bacon

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See also: bacón, Bacon, and bà con

English[edit]

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 Bacon (disambiguation) on Wikipedia

Wikipedia

Etymology[edit]

From Middle English bacon ‎(meat from the back and sides of a pig), from Anglo-Norman bacon, bacun ‎(ham, flitch, strip of lard), from Old Low Frankish *bakō ‎(ham, flitch), from Proto-Germanic *bakô, *bakkô ‎(back), from Proto-Indo-European *bhAg- ‎(back, buttocks). Cognate with Old High German bahho, bacho ‎(back, ham, side of bacon) (compare Alemannic German Bache, Bachen), Old Saxon baco ‎(back), Dutch bake ‎(side of bacon, ham), Old English bæc ‎(back). More at back.

Pronunciation[edit]

Noun[edit]

bacon ‎(usually uncountable, plural bacons)

  1. Cured meat from the sides, belly, or back of a pig.
    • 2006, Joanna Pruess, Seduced by Bacon, The Lyons Press, ISBN 1592288510, pages 93:
      They fried the fish with bacon and were astonished, for no fish had ever seemed so delicious before.
    • 2009 March 31, Casey, Laura, “Piggin' out on bacon at S.F.'s BaconCamp”, San Jose Mercury News, retrieved on 2010-10-19:
      For us the pig's the means, while bacon is the end / Providing gustatory heights to which we can ascend.
    • 2009 August 12, Abraham, Lisa, “Bacon comes home - Old favorite tastes even better when you do the curing yourself”, Akron Beacon Journal, page D1:
      Bacon is something that everybody is familiar with and most people grew up eating. It has a comfort aspect to it and a familiarity. It's also got an addictive aspect to it - that sweet and salty combination of flavors. And it's probably just a little bit unhealthy for you. When you get to have bacon, it's exciting and something you look forward to.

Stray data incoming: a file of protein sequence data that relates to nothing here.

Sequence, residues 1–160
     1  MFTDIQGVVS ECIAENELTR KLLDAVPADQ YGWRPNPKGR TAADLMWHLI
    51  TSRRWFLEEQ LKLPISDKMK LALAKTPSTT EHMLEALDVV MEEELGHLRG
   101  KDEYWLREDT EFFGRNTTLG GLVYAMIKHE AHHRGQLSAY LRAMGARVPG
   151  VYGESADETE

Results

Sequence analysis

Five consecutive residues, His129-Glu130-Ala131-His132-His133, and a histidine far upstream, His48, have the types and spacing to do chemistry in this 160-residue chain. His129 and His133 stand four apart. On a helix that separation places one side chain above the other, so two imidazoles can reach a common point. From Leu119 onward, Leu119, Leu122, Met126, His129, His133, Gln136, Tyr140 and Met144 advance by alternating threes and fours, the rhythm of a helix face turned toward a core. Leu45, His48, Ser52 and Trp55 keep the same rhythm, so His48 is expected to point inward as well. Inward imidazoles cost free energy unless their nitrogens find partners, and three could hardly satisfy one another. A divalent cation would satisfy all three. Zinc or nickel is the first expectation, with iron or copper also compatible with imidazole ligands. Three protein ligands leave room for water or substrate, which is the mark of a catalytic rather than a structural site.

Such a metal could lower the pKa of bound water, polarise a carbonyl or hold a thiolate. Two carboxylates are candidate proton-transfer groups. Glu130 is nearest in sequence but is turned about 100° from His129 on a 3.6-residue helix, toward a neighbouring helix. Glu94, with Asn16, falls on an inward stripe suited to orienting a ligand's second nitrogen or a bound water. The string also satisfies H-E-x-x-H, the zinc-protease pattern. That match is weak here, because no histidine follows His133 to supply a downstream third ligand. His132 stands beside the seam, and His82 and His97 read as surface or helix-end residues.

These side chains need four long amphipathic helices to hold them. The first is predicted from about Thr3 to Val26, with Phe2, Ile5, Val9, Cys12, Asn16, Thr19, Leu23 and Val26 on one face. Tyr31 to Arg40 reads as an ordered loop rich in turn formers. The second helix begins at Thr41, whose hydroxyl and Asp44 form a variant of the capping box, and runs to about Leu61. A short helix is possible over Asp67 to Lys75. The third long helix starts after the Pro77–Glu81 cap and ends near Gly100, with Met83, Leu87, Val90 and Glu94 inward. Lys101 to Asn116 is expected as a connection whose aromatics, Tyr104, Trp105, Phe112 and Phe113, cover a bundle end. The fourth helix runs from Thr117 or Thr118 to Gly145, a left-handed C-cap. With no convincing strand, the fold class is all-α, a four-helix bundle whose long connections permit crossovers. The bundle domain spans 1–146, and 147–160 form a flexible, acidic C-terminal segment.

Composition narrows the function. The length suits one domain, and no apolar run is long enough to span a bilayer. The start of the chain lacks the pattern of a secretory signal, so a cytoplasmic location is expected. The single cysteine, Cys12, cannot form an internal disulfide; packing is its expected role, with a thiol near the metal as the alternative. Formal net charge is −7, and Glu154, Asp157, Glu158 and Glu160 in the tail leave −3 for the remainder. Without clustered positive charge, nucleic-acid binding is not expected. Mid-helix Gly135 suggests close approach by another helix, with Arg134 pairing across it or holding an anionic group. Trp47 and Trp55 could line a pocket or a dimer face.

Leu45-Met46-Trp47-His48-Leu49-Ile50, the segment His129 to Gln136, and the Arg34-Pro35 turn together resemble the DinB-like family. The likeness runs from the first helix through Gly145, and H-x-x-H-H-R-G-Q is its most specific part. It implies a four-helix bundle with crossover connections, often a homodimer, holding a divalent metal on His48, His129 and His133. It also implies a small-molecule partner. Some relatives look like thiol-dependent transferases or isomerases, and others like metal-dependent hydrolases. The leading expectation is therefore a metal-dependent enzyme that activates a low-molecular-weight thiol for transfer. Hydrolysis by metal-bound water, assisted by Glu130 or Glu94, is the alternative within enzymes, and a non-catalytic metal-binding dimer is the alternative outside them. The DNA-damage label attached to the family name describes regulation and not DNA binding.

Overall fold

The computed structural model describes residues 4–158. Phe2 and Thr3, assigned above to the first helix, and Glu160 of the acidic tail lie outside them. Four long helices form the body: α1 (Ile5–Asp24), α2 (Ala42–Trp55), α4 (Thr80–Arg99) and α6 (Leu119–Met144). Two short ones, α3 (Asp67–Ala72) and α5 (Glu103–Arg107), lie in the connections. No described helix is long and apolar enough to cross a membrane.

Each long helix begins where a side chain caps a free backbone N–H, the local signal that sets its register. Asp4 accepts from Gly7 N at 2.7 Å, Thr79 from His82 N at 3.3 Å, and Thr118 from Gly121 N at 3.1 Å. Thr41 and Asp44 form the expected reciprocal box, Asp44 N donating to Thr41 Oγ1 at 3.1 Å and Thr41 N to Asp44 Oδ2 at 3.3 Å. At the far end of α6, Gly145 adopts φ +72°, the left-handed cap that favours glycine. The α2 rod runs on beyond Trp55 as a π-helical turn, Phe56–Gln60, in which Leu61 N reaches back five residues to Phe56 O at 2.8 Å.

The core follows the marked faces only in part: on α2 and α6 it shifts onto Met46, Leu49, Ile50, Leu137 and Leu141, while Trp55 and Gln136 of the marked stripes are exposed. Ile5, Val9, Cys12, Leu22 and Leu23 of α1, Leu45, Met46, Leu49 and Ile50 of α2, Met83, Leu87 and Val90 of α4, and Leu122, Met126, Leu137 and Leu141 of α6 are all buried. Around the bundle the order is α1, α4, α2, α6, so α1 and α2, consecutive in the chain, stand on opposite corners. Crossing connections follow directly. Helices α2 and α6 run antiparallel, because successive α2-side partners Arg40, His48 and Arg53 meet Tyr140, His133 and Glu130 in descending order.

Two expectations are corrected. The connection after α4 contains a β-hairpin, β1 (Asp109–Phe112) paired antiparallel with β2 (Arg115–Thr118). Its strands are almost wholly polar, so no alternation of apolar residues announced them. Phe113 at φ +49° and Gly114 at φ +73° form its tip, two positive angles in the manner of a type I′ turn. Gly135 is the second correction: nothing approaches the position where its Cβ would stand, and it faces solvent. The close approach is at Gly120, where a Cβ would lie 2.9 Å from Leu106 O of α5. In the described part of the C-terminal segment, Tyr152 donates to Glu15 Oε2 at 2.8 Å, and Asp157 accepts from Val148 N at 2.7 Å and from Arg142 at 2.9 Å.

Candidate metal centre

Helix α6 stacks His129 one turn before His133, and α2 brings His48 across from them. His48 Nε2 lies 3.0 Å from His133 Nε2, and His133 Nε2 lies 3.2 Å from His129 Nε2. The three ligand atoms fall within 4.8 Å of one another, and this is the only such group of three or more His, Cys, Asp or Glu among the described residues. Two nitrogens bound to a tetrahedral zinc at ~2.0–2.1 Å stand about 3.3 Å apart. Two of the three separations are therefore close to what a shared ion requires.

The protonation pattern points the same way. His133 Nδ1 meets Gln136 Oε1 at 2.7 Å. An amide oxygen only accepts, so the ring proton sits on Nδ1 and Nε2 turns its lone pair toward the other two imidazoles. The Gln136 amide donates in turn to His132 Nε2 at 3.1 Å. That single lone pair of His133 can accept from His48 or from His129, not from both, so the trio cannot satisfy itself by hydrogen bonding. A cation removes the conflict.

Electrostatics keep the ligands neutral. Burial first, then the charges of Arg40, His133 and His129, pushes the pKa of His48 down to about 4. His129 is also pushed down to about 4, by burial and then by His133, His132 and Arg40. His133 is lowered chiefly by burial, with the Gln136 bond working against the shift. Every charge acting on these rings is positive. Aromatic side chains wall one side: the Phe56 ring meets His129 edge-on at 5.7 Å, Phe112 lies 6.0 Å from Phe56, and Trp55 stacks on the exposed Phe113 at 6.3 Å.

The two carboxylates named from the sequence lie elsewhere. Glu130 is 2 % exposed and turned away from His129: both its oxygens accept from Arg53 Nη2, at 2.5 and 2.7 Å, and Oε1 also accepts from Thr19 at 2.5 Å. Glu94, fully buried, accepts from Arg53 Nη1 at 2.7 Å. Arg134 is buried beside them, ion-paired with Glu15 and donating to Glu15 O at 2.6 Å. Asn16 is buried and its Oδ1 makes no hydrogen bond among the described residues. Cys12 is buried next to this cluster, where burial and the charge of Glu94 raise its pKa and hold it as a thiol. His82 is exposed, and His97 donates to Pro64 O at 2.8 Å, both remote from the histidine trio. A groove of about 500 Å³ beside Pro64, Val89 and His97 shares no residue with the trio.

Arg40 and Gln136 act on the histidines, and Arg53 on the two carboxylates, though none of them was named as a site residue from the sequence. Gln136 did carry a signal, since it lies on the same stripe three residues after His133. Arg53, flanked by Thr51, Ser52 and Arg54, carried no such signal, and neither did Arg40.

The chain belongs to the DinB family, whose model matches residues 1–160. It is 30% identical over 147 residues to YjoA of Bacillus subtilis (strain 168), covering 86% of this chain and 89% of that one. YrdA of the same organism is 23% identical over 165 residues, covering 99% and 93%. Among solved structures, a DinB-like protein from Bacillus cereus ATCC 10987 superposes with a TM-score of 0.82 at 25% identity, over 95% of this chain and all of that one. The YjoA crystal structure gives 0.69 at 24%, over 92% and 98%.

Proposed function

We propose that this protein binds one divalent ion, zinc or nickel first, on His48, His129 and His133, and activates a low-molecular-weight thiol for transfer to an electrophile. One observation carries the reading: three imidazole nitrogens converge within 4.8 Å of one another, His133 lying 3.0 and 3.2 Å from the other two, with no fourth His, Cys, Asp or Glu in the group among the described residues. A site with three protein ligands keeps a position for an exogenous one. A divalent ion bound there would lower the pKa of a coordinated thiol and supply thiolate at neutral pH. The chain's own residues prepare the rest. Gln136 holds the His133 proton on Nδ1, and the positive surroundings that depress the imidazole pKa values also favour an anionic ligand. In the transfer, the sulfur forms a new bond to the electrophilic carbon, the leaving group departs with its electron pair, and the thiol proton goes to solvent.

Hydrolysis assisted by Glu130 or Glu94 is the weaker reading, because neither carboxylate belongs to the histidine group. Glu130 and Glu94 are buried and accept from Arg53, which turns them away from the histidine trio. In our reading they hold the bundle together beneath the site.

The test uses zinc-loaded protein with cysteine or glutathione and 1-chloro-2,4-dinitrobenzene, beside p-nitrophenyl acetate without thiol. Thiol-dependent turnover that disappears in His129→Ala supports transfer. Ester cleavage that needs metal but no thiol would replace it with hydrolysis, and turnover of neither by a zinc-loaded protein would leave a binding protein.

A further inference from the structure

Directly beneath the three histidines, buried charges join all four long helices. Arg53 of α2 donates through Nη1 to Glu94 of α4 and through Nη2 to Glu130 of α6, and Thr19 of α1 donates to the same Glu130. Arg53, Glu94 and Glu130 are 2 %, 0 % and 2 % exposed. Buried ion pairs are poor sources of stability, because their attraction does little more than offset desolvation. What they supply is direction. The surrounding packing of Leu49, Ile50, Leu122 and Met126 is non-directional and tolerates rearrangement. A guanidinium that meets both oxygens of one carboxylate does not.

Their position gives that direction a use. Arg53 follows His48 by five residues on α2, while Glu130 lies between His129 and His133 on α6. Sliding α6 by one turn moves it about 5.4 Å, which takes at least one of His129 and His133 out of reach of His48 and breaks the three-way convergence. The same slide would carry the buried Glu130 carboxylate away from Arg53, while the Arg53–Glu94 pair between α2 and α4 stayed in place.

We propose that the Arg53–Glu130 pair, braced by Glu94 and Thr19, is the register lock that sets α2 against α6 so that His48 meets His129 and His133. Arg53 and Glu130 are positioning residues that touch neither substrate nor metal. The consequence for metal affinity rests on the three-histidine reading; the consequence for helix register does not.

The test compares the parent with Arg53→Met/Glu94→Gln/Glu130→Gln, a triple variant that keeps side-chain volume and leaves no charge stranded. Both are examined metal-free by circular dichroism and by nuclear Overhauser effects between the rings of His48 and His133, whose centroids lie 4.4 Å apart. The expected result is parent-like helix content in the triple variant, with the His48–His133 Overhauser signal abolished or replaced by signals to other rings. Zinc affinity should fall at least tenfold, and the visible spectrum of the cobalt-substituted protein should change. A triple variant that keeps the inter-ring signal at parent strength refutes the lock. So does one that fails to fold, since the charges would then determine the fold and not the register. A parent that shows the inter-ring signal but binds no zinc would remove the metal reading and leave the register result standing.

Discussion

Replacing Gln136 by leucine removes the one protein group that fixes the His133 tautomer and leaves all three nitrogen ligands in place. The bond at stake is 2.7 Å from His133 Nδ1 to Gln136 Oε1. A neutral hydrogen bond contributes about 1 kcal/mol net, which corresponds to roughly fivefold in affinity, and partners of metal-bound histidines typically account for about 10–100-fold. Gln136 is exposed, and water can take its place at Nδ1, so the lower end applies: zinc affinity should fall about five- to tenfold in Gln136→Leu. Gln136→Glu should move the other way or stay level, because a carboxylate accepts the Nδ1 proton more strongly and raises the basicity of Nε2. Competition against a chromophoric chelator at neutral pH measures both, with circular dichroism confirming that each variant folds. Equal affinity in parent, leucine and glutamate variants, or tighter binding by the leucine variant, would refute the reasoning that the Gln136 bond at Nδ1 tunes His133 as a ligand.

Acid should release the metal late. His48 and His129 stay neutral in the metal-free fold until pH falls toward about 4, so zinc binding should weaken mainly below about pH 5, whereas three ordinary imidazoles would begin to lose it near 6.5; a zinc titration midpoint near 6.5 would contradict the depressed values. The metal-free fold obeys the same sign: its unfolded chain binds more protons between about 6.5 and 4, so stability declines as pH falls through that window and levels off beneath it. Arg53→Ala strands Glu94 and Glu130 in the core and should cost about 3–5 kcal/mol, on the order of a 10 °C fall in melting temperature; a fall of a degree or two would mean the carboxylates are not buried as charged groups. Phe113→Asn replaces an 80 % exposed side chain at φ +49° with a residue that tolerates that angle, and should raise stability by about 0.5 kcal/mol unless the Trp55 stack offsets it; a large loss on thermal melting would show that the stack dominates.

2. Thin slices of the above in long strips.
  3. A term of endearment.
    my sweet bacon
  4. A saucisse.
    (Can we find and add a quotation of Wilhelm to this entry?)
  5. (slang, derogatory) The police.
    Run! It's the bacon!

Synonyms[edit]

  • (Cut of meat from a pig): ham, pork

Derived terms[edit]

Related terms[edit]

Descendants[edit]

Translations[edit]

See also[edit]


French[edit]

Etymology[edit]

1899, "thin, smoked lard", from English bacon, from Middle English bacon ‎(meat from the back and sides of a pig), from Old French bacon, bacun ‎(ham, strip of lard), from Frankish *bakkō, from Proto-Germanic *bakō, *baką, *bakaz ‎(back), from Proto-Indo-European *bhAg- ‎(back, buttocks). Cognate with Old High German bahho, bacho ‎(Alemannic German Bache, Bachen, back, ham, side of bacon), Old Saxon baco ‎(back), Dutch bake ‎(side of bacon, ham), Old English bæc ‎(back). More at back.

Pronunciation[edit]

  • IPA(key): /be.kɔn/, /be.kœn/
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Noun[edit]

bacon m ‎(uncountable)

  1. bacon

External links[edit]


Italian[edit]

Etymology[edit]

Borrowing from English bacon

Pronunciation[edit]

Noun[edit]

bacon m ‎(invariable)

  1. bacon

Synonyms[edit]


Norwegian Bokmål[edit]

Norwegian Wikipedia has an article on:

Wikipedia no

Etymology[edit]

Borrowing from English bacon

Pronunciation[edit]

Noun[edit]

bacon n ‎(definite singular baconet)

  1. bacon

References[edit]


Norwegian Nynorsk[edit]

Norwegian Nynorsk Wikipedia has an article on:

Wikipedia nn

Etymology[edit]

Borrowing from English bacon

Pronunciation[edit]

Noun[edit]

bacon n ‎(definite singular baconet)

  1. bacon

References[edit]


Old French[edit]

Alternative forms[edit]

Noun[edit]

bacon m ‎(oblique plural bacons, nominative singular bacons, nominative plural bacon)

  1. pig; swine; hog
  2. ham, or any meat from a pig

Descendants[edit]


Portuguese[edit]

Noun[edit]

bacon m (plural bacons)

  1. bacon (cut of meat)

Synonyms[edit]